It may well be argued that some, perhaps much, of the pre-1979 negative correlation may be explained away by the pursuit of independent monetary policies by the UK during the period, which would be eliminated through a single monetary policy. Shocks arising from adverse exchange rate movements with trading partners will be eliminated to a degree at a European level. In addition the possibility of fiscal shocks will be curtailed through constraints on fiscal policies imposed by the Maastricht Treaty. Furthermore, it is argued by the Commission that EMU will deepen the process initiated by the 1992 programme intra rather than inter-industry trade lessening the possibility of product-specific shocks. Finally the absence of exchanges rates will eliminate the shock occurring when domestic interest rates surge in response to speculative selling of the Irish pound associated with a sudden depreciation of sterling in international foreign exchange markets.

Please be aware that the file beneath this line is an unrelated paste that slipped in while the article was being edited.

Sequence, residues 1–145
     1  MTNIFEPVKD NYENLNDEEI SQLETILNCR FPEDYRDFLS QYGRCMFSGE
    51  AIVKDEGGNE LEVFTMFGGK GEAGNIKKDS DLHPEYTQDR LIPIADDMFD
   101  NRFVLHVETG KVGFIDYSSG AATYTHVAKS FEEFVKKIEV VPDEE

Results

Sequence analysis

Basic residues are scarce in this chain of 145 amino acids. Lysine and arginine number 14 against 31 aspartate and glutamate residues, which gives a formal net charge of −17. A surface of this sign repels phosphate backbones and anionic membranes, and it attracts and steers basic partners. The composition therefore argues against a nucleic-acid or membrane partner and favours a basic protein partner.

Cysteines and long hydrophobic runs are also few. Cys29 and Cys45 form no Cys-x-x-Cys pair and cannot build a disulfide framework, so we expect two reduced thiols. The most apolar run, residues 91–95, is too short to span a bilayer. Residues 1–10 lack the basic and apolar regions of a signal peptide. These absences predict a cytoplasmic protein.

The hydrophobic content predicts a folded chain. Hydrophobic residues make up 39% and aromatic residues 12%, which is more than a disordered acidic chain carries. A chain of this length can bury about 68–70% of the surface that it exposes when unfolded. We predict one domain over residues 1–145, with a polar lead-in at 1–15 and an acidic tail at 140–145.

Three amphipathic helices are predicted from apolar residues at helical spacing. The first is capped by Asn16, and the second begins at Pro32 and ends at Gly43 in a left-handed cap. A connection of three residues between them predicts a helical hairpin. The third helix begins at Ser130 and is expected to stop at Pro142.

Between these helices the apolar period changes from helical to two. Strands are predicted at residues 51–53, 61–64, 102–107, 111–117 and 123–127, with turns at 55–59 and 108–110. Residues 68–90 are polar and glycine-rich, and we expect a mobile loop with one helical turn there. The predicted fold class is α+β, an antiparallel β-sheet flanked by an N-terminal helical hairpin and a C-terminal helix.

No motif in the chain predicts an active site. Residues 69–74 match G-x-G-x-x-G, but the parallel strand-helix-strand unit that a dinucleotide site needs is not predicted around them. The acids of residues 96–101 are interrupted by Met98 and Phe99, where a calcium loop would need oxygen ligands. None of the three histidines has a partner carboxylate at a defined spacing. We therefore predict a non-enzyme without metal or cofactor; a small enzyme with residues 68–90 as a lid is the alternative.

Nonetheless, the problem of asymmetry will remain to a degree. Despite a federal fiscal system, which served to transmit to an extent, shocks across regions significant asymmetry within the US was found to prevail in the Bayoumi and Eichengreen study. Such asymmetrical shocks may require relative price adjustment a change in the price of tradeables relative to non-tradeables, and internal resource allocation between the traded and non-traded goods sectors adjustment which cannot take place through exchange rate policy but ruled out by monetary union.